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The Netherlands keeps looking for problems. First CO2 and now nitrogen, i.e., nitrogen compounds, such as ammonium and nitrogen dioxide, give political and social headaches. What’s the problem? Well, high concentrations of these chemicals affect nature. Most plants grow well by it, but some species may then prevail. What’s wrong with that? The landscape can, therefore, change, especially on low-food soils. Moorland, for example, might become forestland with grasses and nettles. And what’s wrong with that? Actually, nothing at all, but some scholars want nature to stay the way it is. They strive for a kind of natural conservatism.

How and when did these low-food soils arise? Mainly because of the agricultural activities of farmers from the 19th century and before. For example, farmlands became bare, dry surfaces where only specific plants survive. It may be fun, those shifting sands and bluegrass lands with their rare plant species, but to sacrifice our livestock and housing to it in my view is an extreme measure.


Apparently, three culprits bring too much nitrogen into the environment: cars, (livestock) farmers, and housebuilders. Cars produce it in their exhaust gases, farmers have too many cows and chickens that produce nothing but shit and ammonia and what housebuilders do, I haven’t found out yet. The figure shows that NO2 emissions in the Netherlands are caused not by livestock farming, but by cars. Electric cars will solve that later; the future CO2 problem has been moved to the power plants.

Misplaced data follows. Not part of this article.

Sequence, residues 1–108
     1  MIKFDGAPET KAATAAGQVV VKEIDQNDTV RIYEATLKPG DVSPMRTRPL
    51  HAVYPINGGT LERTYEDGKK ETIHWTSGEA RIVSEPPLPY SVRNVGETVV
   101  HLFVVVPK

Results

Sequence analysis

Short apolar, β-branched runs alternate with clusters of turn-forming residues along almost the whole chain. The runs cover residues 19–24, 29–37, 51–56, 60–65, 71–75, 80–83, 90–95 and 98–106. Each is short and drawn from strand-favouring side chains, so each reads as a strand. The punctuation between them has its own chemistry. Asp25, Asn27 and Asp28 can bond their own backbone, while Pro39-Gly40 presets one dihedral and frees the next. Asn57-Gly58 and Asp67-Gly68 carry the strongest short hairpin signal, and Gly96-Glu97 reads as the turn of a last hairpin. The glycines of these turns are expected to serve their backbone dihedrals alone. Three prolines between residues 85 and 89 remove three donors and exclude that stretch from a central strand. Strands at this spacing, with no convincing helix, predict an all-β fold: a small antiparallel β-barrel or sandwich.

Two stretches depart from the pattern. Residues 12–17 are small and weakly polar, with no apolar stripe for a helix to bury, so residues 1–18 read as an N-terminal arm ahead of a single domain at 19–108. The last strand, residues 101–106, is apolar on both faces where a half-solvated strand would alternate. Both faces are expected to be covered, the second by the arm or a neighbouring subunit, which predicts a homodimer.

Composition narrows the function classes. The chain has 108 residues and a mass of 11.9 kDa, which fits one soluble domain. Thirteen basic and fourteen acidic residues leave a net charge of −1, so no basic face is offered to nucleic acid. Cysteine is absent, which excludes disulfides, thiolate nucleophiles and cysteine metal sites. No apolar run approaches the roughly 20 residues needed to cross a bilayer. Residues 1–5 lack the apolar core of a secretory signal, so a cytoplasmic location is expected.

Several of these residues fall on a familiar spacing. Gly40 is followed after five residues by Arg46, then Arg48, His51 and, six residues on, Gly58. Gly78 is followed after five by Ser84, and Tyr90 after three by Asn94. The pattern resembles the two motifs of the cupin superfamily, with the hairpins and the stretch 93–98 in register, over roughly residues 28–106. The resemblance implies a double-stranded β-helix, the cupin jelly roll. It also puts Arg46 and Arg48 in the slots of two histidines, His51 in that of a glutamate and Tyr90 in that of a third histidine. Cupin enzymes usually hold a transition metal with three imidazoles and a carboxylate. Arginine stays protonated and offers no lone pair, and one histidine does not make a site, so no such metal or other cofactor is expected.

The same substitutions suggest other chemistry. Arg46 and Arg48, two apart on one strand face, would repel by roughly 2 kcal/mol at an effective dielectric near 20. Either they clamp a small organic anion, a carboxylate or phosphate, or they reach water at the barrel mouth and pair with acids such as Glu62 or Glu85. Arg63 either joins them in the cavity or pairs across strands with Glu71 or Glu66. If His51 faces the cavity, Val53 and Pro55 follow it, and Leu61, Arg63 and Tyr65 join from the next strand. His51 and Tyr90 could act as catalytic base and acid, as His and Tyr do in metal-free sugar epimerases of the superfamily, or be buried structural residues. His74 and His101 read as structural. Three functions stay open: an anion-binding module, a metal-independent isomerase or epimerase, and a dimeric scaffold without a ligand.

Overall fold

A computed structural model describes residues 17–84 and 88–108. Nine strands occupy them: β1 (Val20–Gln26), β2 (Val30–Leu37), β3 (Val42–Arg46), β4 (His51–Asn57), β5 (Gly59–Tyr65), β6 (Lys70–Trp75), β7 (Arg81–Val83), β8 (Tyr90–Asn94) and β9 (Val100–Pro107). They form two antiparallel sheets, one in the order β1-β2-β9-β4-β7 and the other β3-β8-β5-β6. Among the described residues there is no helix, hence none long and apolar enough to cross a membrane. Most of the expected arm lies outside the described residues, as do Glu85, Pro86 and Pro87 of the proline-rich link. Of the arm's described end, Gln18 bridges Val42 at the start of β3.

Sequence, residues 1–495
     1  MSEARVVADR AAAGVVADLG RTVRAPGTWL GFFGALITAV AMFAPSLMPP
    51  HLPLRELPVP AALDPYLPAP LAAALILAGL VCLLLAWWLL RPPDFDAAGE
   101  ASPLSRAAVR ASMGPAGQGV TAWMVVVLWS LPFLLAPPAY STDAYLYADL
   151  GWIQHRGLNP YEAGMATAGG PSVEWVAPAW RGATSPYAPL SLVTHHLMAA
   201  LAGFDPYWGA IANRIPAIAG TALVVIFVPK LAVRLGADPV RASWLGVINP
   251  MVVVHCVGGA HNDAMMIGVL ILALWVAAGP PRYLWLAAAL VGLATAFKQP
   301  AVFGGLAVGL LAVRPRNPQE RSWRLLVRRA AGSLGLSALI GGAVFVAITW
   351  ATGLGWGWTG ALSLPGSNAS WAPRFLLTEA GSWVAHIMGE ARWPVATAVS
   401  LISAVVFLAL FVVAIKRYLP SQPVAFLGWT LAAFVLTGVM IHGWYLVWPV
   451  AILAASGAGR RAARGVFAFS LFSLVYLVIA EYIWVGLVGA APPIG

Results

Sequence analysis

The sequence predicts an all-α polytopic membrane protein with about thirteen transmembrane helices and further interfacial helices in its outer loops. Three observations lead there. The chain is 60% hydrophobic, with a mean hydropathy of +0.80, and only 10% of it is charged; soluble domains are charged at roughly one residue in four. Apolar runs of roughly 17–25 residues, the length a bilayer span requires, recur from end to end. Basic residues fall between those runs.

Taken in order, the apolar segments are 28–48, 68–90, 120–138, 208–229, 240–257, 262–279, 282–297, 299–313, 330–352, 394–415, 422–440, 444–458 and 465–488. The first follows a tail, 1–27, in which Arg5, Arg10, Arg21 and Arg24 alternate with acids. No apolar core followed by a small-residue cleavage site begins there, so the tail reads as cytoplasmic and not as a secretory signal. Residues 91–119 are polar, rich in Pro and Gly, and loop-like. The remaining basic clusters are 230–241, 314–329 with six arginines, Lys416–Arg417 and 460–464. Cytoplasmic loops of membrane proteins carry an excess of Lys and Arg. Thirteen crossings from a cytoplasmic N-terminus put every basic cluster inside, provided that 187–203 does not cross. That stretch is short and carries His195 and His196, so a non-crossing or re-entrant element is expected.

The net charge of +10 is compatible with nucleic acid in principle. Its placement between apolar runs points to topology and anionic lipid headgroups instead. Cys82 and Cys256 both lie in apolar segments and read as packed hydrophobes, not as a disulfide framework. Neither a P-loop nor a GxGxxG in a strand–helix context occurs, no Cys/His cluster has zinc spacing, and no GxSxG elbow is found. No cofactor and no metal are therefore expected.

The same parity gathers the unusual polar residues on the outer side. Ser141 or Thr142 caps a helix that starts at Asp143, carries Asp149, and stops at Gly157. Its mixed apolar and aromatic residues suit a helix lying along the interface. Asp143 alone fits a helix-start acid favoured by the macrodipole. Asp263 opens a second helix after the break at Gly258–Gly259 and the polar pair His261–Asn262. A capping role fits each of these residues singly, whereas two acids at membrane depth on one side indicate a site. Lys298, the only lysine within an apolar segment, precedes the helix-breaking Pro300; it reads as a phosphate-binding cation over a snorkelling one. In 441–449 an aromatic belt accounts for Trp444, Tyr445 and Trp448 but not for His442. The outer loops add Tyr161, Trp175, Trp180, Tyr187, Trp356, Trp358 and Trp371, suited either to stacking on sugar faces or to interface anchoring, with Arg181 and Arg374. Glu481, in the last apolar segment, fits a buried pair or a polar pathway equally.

A real and appealing problem, in my view, is the bio-industry and the miserable conditions in which farmers keep their animals. If that is the reason to halve the livestock, I can understand it. Apart from that, previous measures have already reduced emissions of NO2 and NH3 by more than 50% between 1990 and 2017. So please, let the house construction projects proceed! Oh, wait a minute. They’ve discovered something new.


In the case of excavation work (an inevitable part of building houses), another substance is released: Perfluoralkyl (PFAS). That’s what the world is worried about now. PFAS is a man-made[1] group of chemicals used in fat and water-repellent materials such as Tefal pans, rainwear, and fire-fighting foams. Over the years it has ended up in the environment like in the ground, surface water and ultimately also in our blood. Because PFAS is not degradable, it accumulates everywhere. Is it harmful to our health? Scholars are still doing research, but one believes that it is harmful to babies and may be carcinogenic. Believed but yet not proven!


[1] By a ‘Dupont’ engineer in the 1930s.